Ordnance Survey has a rich cartographic history – we have been mapping the Great British landscape for 229 years! From navigating the countryside on foot to helping utility companies manage and track their assets underfoot, our maps offer a range of functions. As a result, our cartographers make lots of intricate design decisions to ensure that our maps meet the needs of each of our different users.
Our paper maps (and their digital raster data equivalents) carry their own beautiful cartography which is well established and well understood. A great example of this is our OS Explorer Maps. For many, these maps have a sentimental or nostalgic value – they can evoke memories of adventure and can connect the map reader to locations. Cartography is a powerful form of visual communication.
Early in 2018 Ordnance Survey (OS) were approached by the Registers of Scotland (RoS) to support their Data Month, an internal event for RoS staff held in March to facilitate the sharing of knowledge and best practice across the business. RoS is the non-ministerial government department responsible for compiling and maintaining 18 public registers. These relate to land, property, and other legal documents and include the Land Register of Scotland and General Register of Sasines.
The GeoDataViz Toolkit is a set of resources that will help you communicate your data effectively through the design of compelling visuals.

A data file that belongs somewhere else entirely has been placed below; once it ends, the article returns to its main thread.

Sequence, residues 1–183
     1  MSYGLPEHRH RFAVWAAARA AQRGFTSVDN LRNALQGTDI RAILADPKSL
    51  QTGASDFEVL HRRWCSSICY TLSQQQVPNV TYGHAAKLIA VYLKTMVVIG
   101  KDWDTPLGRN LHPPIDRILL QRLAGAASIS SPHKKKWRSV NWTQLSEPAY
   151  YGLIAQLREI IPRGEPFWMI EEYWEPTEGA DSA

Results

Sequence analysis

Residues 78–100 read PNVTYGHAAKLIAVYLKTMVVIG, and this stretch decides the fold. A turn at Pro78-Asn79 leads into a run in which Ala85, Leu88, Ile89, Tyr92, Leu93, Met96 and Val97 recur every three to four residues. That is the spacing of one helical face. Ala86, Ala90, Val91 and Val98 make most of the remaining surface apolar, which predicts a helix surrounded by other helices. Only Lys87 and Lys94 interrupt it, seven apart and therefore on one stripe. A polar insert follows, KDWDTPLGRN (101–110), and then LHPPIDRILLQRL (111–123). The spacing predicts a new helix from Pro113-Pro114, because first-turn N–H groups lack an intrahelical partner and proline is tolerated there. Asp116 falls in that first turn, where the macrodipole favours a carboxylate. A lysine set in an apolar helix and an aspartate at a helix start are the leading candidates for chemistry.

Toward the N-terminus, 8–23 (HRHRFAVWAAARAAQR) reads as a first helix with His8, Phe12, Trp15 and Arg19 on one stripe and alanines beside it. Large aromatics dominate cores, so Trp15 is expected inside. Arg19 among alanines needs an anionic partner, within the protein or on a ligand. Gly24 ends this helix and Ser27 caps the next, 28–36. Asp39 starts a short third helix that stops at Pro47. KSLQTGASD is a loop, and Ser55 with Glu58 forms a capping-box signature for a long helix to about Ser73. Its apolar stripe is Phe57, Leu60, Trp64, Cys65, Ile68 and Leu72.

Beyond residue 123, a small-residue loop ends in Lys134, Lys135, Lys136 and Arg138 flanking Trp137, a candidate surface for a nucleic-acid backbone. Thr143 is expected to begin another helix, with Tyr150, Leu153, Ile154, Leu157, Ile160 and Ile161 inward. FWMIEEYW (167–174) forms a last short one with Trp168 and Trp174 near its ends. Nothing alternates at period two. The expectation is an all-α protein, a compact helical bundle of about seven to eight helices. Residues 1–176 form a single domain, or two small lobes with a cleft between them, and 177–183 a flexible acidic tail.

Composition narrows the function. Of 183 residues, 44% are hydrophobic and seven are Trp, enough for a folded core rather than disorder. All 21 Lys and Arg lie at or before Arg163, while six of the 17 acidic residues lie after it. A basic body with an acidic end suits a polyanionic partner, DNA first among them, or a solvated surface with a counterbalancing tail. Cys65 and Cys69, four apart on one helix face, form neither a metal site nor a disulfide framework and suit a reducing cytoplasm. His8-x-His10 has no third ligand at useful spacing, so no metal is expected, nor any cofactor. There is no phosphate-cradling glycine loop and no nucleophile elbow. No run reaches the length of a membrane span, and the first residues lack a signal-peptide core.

What is in the toolkit?
Basemaps – Often referred to as a contextual or backdrop map, a basemap contains reference information used to both orient the map and add context to any data that is overlaid. We are providing information about the OS range of basemap styles, the colour values for each and some best practice guidance.
Following on from yesterday’s feature on our Cartographic Design Consultant Charley Glynn, we wanted to share some recent examples of work from the Cartographic Design team.
Youth Hostel Association map
Working with the Youth Hostel Association we were asked to produce a large wall map that was to be used as part of a campaign to encourage people to explore the Dark and White Peaks.
The map would be simple and would need to depict 6 carefully selected walking, running and cycling routes and the terrain around them.
The image below is essentially work in progress as the finished product will see the image be used by the YHA to cut out the layers making up the terrain from wood. The routes will then be added using pins and string. We’re really looking forward to seeing it up on display.